Reflection on Article (103) of the Constitution as a Source of Private International Law in Jordan
Dr. Abdullah Aldmour
Associate Professor – Faculty of Law – University of Jordan
Article (103) of the Jordanian Constitution is one of the most important sources of private international law in Jordan since it contains many procedural and substantive provisions. The article tries to address the most important principles and provisions that can be drawn from this specific constitutional text. The purpose of this article is to examine certain aspects of private international law from the perspective of this constitutional text, particularly those related to the international jurisdiction of religious courts in Jordan. The article also tries to identify the position of the Transnational Law in the Jordanian legal system. The contribution of this article is not the analysis and mapping of a few competing approaches to international law, but the fact that it makes consciously repeated attempts to shape the private international law in Jordan on grounds that insure achieving balance, creativity, and innovation in many aspects related to party autonomy, legal certainty, sovereignty, and public policy.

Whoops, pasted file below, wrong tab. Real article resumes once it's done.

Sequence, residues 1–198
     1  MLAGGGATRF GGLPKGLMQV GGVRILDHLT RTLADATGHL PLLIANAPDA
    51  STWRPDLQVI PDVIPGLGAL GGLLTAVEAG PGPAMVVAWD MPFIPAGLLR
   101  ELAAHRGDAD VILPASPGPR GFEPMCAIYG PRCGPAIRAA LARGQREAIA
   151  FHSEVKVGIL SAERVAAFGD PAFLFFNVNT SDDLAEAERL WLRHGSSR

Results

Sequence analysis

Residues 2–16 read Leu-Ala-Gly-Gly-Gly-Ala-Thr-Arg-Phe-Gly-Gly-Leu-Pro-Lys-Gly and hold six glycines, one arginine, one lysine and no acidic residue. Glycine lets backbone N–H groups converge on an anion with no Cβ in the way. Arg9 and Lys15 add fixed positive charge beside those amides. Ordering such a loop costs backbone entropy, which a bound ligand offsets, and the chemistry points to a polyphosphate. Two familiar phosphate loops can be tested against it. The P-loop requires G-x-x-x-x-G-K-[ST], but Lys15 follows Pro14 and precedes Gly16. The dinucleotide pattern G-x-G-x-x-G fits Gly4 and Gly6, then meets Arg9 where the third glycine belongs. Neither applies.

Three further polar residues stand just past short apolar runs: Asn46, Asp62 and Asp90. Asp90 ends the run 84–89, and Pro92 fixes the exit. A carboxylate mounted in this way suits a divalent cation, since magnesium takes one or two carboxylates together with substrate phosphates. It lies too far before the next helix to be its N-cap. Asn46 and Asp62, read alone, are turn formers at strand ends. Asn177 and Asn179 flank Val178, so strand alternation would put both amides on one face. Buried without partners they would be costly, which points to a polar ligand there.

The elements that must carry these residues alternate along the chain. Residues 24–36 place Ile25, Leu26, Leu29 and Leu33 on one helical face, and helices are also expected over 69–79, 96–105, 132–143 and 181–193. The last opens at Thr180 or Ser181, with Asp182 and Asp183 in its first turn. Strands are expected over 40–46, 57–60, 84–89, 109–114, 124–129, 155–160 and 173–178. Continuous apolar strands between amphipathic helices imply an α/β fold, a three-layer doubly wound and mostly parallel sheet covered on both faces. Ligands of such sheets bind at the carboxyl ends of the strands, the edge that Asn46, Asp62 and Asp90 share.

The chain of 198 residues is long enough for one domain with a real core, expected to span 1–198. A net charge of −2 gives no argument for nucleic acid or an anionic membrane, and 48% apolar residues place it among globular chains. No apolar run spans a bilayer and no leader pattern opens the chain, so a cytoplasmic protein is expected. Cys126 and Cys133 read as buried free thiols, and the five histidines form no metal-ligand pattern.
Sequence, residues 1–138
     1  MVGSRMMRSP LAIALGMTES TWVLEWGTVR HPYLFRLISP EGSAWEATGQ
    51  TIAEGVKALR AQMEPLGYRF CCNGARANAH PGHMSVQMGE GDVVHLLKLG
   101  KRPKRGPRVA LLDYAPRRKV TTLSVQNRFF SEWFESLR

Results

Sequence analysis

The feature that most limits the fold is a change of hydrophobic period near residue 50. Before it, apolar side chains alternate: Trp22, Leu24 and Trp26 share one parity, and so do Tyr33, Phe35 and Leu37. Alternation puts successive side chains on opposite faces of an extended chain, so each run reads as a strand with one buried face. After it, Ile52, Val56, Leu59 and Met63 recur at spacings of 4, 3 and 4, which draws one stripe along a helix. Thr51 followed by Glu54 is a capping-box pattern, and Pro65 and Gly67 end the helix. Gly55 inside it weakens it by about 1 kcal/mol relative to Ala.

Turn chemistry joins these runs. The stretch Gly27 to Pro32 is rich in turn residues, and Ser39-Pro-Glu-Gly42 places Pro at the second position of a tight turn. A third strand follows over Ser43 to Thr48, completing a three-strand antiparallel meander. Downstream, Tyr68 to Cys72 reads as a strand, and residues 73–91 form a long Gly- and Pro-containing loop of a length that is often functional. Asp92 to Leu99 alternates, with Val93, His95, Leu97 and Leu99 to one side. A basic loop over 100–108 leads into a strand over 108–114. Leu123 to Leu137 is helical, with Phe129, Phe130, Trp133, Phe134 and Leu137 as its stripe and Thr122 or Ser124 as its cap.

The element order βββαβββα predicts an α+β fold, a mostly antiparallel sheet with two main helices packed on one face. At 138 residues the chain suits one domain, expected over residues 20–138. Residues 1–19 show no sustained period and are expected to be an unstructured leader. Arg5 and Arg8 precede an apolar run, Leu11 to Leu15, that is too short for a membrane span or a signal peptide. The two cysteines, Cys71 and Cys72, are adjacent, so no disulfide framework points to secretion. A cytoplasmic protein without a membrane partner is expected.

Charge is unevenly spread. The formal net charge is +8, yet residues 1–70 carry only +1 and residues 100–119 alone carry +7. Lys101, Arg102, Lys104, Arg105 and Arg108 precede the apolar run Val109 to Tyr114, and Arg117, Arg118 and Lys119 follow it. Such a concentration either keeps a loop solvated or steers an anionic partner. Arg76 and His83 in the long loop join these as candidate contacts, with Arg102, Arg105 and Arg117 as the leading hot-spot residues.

Keywords: international jurisdiction, religious courts, custom and international custom, principles of private international Law- lex mercatoria.